In my last post, I introduced the new utility bootmail, which can be configured to send you an email with the boot logs of your Ubuntu server each time it reboots. This could prove really handy for your unattended or cloud servers.
While working on that tool, I quickly realized that any local user on the system could "forge" such an email message. Truly, anyone can send email to anyone else. That message can contain any data in it. And even the sender and headers can be faked. :-(
Thus, for bootmail to be useful, you'd need to have confidence that someone isn't faking your bootmail messages. There's only one secure way to do that with email -- and that's a cryptographic signature of the message, signed with a private key known only to the root user of the system.
In retrospect, I realized that having a generic mechanism for the root user being able to sign any given text could actually be a useful tool to have. So I split that logic out of the bootmail executable, and put it into its own, called rootsign (provided by the bootmail binary).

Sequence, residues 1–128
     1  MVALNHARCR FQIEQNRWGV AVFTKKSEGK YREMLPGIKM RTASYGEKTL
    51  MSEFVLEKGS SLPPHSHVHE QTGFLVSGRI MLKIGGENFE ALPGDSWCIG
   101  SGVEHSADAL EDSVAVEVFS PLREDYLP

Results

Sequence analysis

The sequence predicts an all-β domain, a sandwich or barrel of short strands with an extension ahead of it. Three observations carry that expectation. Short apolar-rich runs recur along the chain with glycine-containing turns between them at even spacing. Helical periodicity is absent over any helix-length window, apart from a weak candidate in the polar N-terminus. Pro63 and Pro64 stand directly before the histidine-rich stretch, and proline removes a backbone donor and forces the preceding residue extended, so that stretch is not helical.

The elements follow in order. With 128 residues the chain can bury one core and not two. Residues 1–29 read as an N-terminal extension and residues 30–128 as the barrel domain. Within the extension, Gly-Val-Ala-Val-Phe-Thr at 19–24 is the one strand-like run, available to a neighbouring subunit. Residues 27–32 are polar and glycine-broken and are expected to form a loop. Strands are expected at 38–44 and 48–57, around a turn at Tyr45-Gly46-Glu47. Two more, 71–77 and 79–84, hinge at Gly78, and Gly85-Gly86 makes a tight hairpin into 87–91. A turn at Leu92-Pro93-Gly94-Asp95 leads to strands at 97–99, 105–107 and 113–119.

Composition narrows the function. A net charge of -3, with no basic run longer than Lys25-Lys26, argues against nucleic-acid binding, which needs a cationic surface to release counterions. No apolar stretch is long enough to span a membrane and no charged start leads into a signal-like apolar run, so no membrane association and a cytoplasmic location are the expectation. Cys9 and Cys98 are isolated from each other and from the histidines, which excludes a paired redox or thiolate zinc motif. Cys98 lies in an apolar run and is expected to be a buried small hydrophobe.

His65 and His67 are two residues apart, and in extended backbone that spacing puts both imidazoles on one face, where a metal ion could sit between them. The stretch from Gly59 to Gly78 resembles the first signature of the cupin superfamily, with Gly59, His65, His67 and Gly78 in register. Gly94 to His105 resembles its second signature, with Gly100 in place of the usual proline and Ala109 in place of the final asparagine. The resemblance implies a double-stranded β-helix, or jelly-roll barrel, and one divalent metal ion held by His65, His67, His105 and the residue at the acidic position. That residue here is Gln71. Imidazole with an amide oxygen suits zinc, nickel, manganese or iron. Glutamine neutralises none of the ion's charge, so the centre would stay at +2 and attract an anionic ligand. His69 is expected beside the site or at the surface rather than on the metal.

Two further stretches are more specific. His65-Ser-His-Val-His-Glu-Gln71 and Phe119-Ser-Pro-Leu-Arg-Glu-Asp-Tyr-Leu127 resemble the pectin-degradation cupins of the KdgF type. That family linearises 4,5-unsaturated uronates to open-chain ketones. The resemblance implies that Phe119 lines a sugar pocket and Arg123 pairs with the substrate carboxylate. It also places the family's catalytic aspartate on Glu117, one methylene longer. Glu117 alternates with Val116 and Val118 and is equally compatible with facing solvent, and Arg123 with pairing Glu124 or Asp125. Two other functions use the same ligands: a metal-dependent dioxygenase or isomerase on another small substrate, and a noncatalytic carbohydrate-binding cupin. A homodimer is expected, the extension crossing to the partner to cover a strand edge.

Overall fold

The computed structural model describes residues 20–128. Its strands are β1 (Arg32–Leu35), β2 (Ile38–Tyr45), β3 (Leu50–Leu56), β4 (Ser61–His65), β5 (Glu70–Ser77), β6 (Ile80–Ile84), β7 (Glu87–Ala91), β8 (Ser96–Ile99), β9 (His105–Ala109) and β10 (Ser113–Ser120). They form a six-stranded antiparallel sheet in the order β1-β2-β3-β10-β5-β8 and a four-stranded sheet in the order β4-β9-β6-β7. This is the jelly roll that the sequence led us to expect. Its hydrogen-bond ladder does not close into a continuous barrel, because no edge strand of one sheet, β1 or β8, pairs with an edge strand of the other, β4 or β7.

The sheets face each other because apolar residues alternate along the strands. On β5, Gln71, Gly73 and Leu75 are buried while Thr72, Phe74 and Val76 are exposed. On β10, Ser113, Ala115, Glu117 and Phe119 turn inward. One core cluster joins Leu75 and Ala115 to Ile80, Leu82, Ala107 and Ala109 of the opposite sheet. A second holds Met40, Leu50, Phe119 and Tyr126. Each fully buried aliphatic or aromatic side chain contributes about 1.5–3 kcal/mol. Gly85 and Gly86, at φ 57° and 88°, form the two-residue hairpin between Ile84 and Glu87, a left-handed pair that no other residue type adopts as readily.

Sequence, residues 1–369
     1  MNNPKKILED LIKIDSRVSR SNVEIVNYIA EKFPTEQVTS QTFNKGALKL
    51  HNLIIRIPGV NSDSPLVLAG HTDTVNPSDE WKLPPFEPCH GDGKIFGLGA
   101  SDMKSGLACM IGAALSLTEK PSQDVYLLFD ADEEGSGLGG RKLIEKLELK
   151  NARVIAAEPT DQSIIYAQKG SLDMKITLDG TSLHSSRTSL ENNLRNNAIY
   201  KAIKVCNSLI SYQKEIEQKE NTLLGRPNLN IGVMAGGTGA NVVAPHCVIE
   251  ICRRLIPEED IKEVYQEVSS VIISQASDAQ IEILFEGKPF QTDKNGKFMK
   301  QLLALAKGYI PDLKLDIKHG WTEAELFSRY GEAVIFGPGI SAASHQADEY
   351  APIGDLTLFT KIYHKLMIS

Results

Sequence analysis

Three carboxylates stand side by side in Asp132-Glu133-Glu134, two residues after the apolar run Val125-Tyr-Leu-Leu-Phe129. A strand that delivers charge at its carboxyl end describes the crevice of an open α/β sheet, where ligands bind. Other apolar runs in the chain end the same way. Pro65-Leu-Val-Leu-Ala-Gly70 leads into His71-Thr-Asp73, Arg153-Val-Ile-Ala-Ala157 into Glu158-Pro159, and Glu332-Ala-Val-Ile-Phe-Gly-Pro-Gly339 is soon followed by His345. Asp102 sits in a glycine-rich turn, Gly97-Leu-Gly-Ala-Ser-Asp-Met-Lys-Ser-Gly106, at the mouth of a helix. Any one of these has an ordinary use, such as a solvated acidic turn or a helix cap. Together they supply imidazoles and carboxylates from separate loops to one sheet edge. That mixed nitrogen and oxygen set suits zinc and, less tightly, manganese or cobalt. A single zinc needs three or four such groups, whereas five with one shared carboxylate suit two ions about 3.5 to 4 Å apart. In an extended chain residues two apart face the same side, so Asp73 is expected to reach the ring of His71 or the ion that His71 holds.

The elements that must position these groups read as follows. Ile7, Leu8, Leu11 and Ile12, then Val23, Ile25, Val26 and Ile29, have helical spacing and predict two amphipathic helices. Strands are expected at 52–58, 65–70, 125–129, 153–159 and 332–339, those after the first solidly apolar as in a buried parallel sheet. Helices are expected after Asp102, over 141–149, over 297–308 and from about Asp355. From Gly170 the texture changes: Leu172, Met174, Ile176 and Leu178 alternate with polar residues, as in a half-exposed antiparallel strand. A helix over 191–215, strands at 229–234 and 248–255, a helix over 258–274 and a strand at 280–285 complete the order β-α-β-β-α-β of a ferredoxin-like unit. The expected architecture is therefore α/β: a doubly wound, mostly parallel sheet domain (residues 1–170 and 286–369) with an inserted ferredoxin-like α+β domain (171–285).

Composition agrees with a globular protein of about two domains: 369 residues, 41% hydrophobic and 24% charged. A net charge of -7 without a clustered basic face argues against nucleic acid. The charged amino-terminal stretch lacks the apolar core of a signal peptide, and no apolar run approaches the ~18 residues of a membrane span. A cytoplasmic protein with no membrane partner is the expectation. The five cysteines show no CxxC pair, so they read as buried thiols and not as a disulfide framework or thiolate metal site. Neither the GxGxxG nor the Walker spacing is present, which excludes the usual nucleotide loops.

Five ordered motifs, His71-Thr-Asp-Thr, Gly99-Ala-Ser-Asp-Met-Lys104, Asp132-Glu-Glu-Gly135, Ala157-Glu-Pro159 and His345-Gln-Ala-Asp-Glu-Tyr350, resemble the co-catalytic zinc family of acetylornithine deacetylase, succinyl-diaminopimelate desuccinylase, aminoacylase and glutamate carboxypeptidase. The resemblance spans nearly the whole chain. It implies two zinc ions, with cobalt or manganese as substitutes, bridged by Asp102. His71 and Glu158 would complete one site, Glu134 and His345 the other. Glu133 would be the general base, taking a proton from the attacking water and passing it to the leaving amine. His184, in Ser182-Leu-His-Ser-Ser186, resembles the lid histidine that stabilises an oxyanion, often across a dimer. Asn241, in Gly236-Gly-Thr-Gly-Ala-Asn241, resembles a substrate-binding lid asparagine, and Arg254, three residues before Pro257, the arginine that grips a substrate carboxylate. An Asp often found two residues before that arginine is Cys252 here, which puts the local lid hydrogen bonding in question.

rootsign operates on standard input, signing that data with a private key generated specifically for rootsign signatures, and outputs the ascii-armored message and signature on standard out (suitable for piping directly to mail).
To verify the signature, you'll need to grab the public signature and import it into your local gpg keyring:
cat /var/lib/rootsign/rsa.pub | gpg --import
And let's say I want to post a signed copy of my dmesg to a pastebin:
dmesg | sudo rootsign | pastebinit
You can verify the signature from the public key at:
Do you have cronjobs that automatically send you email? Have you ever wanted to assure yourself that these messages are authentic? If so, rootsign is your friend :-) Big thanks to Kees Cook who helped with a few design issues around the generation of the key to be used (that's a separate post!).
Can you think of any other cool uses of rootsign?